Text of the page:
Because they had no father, Jacob and Wilhelm grew close to each other. They attended the University of Marburg, where their law professor introduced them to philology -- the study of language in historical texts. Because of their family's poverty, Jacob and Wilhelm were excluded from the school's social life -- which drove them to pursue their studies more energetically.
After college, both brothers worked as librarians in the town of Kassel. Neither Grimm earned much at his job, but their jobs gave them enough time to continue studying, and in 1806 they began writing down the folk tales they heard around Kassel. At first, the brothers were more interested in the stories' research value than their entertainment value -- Jacob was especially concerned with how German had evolved from languages of the past, and even went on to develop "Grimm's Law," which describes how consonants changed over time to give rise to modern German.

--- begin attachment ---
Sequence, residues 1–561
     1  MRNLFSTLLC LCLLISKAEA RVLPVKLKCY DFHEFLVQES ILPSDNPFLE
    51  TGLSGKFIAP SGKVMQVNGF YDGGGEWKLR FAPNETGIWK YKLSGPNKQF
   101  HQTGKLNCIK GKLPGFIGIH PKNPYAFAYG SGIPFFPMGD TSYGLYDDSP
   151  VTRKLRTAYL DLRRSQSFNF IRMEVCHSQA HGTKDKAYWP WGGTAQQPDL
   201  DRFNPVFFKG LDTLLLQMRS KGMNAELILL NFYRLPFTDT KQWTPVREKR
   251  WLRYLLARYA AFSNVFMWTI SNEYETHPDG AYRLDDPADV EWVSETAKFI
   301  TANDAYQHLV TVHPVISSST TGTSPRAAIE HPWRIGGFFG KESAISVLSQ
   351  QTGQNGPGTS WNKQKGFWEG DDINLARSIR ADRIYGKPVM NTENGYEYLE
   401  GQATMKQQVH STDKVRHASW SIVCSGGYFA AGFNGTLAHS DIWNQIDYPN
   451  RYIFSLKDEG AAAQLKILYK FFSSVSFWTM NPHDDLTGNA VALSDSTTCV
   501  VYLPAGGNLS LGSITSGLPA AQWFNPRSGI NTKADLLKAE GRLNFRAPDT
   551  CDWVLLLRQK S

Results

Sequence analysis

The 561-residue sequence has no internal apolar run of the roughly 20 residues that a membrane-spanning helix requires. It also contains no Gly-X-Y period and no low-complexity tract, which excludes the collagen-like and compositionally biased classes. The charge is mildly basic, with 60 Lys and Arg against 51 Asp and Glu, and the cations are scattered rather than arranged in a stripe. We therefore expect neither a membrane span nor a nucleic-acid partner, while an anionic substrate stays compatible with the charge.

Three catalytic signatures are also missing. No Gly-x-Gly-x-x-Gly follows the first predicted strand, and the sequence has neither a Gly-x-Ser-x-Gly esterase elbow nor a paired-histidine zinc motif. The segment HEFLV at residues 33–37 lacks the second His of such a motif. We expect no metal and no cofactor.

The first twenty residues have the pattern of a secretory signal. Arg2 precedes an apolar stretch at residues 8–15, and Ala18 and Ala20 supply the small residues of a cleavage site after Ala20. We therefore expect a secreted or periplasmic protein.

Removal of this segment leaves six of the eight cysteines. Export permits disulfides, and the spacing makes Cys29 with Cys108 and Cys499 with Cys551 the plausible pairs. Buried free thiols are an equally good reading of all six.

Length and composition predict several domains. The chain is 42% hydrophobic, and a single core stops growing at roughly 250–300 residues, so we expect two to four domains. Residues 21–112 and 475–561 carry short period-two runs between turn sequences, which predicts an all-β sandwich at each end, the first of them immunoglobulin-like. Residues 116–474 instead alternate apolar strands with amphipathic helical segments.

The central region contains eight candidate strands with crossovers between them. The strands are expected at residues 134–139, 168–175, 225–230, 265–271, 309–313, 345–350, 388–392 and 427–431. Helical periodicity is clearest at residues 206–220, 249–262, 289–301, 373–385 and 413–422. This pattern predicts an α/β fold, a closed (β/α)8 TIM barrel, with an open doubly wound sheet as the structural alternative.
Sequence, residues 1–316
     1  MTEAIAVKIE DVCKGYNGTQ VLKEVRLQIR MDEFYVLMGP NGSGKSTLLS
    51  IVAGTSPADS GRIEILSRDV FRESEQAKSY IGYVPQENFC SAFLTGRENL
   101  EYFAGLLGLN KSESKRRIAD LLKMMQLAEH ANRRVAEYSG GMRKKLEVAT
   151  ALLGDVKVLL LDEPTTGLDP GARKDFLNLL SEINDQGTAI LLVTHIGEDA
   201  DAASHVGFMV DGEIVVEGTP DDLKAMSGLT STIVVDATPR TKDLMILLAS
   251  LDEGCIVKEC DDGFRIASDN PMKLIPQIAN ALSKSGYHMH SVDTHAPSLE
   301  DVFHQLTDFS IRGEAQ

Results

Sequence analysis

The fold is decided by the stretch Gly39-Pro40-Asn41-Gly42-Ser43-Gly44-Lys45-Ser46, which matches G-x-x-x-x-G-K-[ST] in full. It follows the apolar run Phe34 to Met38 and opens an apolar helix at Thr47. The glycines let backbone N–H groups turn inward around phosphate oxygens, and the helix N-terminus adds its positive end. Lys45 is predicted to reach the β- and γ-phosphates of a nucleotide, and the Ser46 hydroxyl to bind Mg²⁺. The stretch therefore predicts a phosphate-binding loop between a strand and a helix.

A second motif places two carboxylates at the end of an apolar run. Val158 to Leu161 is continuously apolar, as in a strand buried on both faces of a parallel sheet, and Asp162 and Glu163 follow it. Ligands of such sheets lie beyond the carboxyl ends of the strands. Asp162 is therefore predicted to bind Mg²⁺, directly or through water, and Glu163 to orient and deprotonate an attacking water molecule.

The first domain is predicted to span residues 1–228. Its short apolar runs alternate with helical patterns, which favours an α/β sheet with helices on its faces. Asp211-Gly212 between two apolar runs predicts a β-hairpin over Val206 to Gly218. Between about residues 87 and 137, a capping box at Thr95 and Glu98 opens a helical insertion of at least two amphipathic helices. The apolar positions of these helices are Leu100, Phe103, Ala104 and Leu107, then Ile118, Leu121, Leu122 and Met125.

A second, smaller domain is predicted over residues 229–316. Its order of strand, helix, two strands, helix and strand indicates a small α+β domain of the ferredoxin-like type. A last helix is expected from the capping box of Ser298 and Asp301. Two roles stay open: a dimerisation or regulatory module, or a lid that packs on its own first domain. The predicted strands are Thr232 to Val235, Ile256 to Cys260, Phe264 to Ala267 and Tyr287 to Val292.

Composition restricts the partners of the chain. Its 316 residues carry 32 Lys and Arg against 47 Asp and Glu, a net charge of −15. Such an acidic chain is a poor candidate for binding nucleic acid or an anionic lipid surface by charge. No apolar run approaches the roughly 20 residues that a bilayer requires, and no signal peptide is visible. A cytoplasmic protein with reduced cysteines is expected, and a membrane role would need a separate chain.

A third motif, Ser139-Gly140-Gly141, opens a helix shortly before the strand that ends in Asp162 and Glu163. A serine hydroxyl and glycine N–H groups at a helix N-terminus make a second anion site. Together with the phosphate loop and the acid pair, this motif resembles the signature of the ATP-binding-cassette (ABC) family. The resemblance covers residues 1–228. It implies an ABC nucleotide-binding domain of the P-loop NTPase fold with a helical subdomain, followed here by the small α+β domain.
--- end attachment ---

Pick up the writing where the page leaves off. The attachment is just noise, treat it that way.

The Grimms published the first volume of their collected folk tales -- called "Children's and Household Tales" -- in 1812, and a second volume in 1814. Though they continued to write scholarly books and articles on linguistics and medieval studies, their folk tales gained them the most recognition, and they even received honorary doctorates from their alma mater.
By the way, if you've ever read "Grimm's Fairy Tales" and felt they were a little dark for kids, you have German culture during the early 1800s to thank. After the book was published it attracted criticism for its sexual content, so the brothers edited these themes out of subsequent editions. But because the violence of the stories wasn't frowned upon in the same way, it was retained and in some cases even increased.